Contra setback

ONE of the saddest and most ironic byproducts of the Iran debacle may be a setback for democracy in Nicaragua. Lt. Col. Oliver North, who is either one of the loosest cannons in Marine Corps history or a willing scapegoat for higher-up duplicity in the White House, had as one of his principal objectives the support of the contras battling the Marxist regime in Nicaragua.

From his post on the staff of the National Security Council, he was central in a scheme to sell arms secretly to the Iranians, mark them up handsomely, and use the profits to fund the contras.

It was a silly scheme. It has caused international embarrassment and has damaged the presidency of the man Colonel North sought to serve. It has also spread gloom among the contra leaders, who think that future efforts to get more congressional help will face major opposition. The Reagan administration put all its prestige on the line to get the contras $100 million this year, after Congress had blocked military aid earlier. The fight for aid to the contras next time around is likely to be very tough.

Thus may be damaged the worthy cause North sought in his misguided way to help - the curbing of Nicaragua's tawdry Sandinista regime.

The Sandinistas are the successors to the discredited Somoza regime in Nicaragua. Though they have long since become an embarrassment to their international socialist friends, a mythical impression lingers among some liberals that they are idealistic revolutionaries. Long before seizing power, they were closet Marxists; since then they have made plain their alliance with Cuba and the Soviet Union.

This is not a fiction propagated by Ronald Reagan's right-wing cabal. This is the view of Nicaraguans protesting the betrayal of their revolution, experiencing firsthand the oppression of the Sandinista regime.

One such voice belongs to Violeta Barrios de Chamorro, the publisher of the opposition newspaper La Prensa, whose paper was arbitrarily closed by the Sandinistas this year. Mrs. Chamorro was honored recently by Harvard's Nieman Foundation for journalism, and has been speaking at such prestigious forums as the Council on Foreign Relations in New York.

Her credentials are impeccable. Her newspaper struggled against General Somoza, and her husband, the paper's former editor, gave his life in that cause. What the world needs to understand, she says, is that Nicaraguans are living under a new Somocism with the Sandinistas. In an article in the current Foreign Affairs, she says: ``There always has been a determination on the part of the Sandinista commanders to impose total dictatorship and prevent the most minimal expression of free thought. Just like General Somoza ...the Sandinistas cannot tolerate a dissenting voice or the expression of a contrary political idea.''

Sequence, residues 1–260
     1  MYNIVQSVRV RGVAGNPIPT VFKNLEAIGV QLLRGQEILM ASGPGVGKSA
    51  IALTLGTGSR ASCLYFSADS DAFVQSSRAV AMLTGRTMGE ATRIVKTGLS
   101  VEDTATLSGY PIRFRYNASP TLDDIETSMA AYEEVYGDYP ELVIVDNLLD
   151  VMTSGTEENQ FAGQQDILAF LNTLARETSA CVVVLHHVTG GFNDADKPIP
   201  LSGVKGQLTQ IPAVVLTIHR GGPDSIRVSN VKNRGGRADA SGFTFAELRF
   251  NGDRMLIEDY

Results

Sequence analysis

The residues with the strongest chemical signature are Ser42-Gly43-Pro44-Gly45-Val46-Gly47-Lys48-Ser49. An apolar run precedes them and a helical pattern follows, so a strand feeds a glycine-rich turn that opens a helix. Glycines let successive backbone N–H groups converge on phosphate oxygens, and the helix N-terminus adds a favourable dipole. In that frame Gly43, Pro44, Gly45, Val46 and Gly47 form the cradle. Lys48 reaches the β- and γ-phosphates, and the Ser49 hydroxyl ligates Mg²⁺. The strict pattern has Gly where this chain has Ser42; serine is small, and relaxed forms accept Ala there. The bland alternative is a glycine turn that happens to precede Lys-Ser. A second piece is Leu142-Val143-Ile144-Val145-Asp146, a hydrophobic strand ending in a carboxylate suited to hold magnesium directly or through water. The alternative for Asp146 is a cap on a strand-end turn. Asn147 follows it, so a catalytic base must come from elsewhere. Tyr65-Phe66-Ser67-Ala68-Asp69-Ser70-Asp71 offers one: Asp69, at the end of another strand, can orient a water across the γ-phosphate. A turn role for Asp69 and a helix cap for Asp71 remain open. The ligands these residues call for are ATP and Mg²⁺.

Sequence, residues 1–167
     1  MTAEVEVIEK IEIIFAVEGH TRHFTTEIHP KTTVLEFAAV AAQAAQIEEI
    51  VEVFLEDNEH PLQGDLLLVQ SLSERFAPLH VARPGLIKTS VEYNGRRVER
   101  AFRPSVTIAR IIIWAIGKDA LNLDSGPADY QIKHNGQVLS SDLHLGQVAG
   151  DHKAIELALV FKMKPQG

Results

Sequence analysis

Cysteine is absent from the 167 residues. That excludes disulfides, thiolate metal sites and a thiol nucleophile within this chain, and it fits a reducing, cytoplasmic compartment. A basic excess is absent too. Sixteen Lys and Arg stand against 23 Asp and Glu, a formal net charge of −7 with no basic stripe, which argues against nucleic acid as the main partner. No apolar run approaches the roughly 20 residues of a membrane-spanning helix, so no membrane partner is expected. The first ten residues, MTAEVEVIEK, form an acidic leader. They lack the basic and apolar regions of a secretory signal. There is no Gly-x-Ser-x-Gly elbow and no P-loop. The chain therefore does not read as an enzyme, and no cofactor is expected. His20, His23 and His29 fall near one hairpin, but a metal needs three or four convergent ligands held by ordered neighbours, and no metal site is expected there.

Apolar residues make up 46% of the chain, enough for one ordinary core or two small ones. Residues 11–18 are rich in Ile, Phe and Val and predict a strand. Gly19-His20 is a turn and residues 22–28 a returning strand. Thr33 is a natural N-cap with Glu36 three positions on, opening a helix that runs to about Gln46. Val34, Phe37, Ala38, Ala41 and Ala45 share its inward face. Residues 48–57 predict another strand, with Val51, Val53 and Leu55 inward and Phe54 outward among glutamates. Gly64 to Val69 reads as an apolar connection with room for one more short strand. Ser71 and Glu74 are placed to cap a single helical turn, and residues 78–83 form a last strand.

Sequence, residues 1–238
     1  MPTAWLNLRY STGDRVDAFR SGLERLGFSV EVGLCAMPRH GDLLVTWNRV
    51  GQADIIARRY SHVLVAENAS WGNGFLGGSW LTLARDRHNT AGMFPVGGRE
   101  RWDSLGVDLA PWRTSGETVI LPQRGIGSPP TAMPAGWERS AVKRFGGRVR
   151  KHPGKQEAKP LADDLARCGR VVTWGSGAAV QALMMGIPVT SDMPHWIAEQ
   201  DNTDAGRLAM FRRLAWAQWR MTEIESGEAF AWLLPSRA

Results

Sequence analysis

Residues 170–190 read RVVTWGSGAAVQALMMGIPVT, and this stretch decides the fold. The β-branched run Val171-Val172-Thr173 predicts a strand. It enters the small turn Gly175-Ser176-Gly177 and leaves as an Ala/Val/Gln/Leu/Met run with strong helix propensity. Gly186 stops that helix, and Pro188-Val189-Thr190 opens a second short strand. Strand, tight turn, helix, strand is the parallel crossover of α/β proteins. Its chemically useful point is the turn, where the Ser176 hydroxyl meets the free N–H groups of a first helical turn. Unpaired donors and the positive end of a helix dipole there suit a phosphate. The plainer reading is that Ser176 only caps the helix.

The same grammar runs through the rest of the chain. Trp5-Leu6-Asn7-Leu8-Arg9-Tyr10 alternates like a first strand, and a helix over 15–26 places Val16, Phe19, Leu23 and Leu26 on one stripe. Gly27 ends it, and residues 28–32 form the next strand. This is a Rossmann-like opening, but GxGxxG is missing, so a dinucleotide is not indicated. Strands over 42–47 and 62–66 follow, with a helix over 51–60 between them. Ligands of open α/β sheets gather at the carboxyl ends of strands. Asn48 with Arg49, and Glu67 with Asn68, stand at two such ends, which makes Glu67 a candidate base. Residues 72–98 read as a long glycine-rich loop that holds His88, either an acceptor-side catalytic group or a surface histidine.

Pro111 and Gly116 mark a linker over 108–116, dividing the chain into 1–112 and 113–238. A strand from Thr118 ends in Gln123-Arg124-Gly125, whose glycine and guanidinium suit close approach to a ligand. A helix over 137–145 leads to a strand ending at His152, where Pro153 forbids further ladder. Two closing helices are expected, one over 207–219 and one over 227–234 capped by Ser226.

Mrs. Chamorro charges the Sandinistas with the growth of militarism, corruption, press censorship, fraudulent elections, and trampled human rights.

In the beginning, she says, Nicaraguans gave their support to the Sandinista revolution because they believed it was to be the first complete Hispano-American revolution, one that strove for justice but diminished no freedoms, achieved social democracy without the loss of political democracy. But instead, she says, the Sandinistas ``have betrayed a whole people who dreamed of being free.''

The Sandinistas, Chamorro warns, preach peace but have actually decided upon a military solution. They have ``closed the doors to dialogue and opened the doors to war.'' In Nicaragua today, she contends there is no freedom except that exercised by the Sandinista front. She urges the Western democracies to be decisive and firm in coordinating their efforts ``to demand a civilized government in Nicaragua, based on the right to free elections and respect for the fundamental rights of man.''

It is a reminder that, however clumsy and misguided the administration's efforts to help the opposition in Nicaragua, there is no questioning the continuing demagoguery of the Sandinista regime there.

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